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Crystalline Solids: Diffraction

  • Henri AlloulEmail author
Chapter
  • 3.7k Downloads
Part of the Graduate Texts in Physics book series (GTP)

Abstract

Our main concern in this book is to describe the electronic properties of crystalline solids. The existence of translation symmetries associated with such ordered crystal structures leads to specific features in the electronic structure and to a specific representation of the energy states in wave vector space. In Sect. 2.1, we explain how a crystal structure can be described formally by defining a crystal lattice of non-material points together with a repeated material motif, known as the basis. This periodic structure of matter causes diffraction of electromagnetic waves, or equivalently, of quantum particles. We shall see in Sect. 2.2 that these diffraction phenomena lead to the notion of reciprocal lattice in wave vector space, and this will be important later for characterising the electronic states of these solids. In Sect. 2.3, we outline the experimental methods used to determine the crystal structures of solids using diffraction methods.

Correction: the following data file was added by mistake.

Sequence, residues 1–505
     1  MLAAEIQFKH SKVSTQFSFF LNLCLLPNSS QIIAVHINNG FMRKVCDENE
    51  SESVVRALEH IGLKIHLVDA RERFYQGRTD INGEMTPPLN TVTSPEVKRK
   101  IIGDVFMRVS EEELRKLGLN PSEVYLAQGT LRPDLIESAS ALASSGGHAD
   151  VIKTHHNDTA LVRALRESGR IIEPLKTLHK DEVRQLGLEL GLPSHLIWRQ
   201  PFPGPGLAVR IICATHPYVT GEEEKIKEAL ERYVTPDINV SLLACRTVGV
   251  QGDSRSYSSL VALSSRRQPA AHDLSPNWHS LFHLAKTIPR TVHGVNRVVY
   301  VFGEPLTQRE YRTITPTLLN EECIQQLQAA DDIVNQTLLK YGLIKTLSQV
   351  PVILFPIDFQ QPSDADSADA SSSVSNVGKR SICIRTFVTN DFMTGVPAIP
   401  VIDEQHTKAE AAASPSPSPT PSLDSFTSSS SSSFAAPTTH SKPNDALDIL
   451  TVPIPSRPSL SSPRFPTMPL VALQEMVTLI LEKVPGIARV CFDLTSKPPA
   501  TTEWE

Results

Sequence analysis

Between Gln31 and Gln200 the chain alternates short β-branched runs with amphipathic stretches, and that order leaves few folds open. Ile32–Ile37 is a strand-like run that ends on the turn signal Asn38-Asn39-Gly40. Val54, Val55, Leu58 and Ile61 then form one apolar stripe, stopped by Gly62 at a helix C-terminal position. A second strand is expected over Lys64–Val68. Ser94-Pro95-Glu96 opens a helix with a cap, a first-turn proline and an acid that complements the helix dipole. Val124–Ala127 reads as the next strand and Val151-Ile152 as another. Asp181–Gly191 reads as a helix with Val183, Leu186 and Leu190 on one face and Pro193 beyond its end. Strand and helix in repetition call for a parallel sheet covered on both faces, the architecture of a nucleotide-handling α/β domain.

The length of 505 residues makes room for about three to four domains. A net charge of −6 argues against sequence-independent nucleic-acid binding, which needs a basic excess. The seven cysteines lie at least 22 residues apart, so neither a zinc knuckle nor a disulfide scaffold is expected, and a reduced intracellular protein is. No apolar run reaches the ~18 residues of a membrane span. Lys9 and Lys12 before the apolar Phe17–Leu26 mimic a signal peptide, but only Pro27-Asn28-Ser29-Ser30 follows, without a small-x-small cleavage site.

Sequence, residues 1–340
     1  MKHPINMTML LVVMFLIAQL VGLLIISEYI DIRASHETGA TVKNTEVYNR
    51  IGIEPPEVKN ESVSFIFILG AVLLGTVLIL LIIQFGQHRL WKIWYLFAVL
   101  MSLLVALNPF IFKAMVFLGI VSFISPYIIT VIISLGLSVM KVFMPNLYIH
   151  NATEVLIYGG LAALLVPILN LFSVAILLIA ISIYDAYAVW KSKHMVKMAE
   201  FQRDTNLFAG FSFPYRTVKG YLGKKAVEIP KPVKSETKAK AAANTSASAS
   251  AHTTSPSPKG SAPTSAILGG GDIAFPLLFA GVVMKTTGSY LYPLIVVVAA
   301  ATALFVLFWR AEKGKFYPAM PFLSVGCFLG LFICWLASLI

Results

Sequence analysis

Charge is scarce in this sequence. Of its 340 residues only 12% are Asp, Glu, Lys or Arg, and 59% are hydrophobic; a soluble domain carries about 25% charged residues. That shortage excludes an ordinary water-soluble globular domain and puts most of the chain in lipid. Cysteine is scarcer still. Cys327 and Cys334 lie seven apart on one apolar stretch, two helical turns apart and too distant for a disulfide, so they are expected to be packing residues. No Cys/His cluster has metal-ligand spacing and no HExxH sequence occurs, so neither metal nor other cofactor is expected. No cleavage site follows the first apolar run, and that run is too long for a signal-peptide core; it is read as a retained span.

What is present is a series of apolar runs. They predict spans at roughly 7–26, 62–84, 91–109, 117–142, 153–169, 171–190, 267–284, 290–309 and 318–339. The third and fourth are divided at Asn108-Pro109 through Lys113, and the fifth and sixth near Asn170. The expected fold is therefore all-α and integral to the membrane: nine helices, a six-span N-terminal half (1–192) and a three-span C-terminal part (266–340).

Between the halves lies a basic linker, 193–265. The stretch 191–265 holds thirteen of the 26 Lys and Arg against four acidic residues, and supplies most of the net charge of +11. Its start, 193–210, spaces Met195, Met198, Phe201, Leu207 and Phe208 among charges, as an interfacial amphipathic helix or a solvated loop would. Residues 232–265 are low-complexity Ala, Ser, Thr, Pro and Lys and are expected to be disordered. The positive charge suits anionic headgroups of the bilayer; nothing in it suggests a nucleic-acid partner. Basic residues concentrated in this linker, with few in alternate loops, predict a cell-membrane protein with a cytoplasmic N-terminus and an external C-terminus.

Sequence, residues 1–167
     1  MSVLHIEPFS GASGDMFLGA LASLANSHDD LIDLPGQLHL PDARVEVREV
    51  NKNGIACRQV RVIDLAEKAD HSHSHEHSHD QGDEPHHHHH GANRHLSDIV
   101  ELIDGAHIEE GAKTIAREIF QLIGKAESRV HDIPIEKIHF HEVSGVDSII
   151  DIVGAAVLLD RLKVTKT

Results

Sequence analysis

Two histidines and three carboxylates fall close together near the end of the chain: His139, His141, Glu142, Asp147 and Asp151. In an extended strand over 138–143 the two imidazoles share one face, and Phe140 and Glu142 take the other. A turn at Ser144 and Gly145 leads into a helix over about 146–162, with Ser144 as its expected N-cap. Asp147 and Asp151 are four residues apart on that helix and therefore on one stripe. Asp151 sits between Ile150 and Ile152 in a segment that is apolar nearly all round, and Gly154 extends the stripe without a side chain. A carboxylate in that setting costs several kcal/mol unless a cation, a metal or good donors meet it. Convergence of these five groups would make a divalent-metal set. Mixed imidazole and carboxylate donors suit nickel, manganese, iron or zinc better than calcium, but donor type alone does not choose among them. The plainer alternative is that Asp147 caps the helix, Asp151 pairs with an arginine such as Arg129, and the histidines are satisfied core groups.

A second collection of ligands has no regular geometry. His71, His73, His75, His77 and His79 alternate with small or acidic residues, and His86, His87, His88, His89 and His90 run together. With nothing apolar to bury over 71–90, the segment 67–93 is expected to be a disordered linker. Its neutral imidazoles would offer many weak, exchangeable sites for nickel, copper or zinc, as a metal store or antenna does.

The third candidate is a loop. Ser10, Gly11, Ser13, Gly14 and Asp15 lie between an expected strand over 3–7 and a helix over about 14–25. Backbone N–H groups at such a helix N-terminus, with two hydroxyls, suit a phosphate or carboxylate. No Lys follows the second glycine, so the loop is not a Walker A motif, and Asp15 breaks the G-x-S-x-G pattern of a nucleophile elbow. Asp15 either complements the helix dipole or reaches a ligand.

Keywords

Lattice Point Lattice Plane Reciprocal Lattice Plastic Crystal Primitive Cell 
These keywords were added by machine and not by the authors. This process is experimental and the keywords may be updated as the learning algorithm improves.

References

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    Basdevant, J.L., Dalibard, J.: Quantum Mechanics. Springer-Verlag, Berlin, Heidelberg (2002)Google Scholar
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    Ashcroft, N.W., Mermin, N.D.: Solid State Physics. Saunders College Publishing, Philadelphia, PA (1976)Google Scholar
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    Georges, A., Mézard, M.: Introduction á la théorie statistique des champs. Cours de l’Ecole Polytechnique, Palaiseau, FranceGoogle Scholar

Copyright information

© Springer-Verlag Berlin Heidelberg 2011

Authors and Affiliations

  1. 1.Laboratoire de Physique des SolidesUniversité Paris-Sud XI, CNRSOrsayFrance

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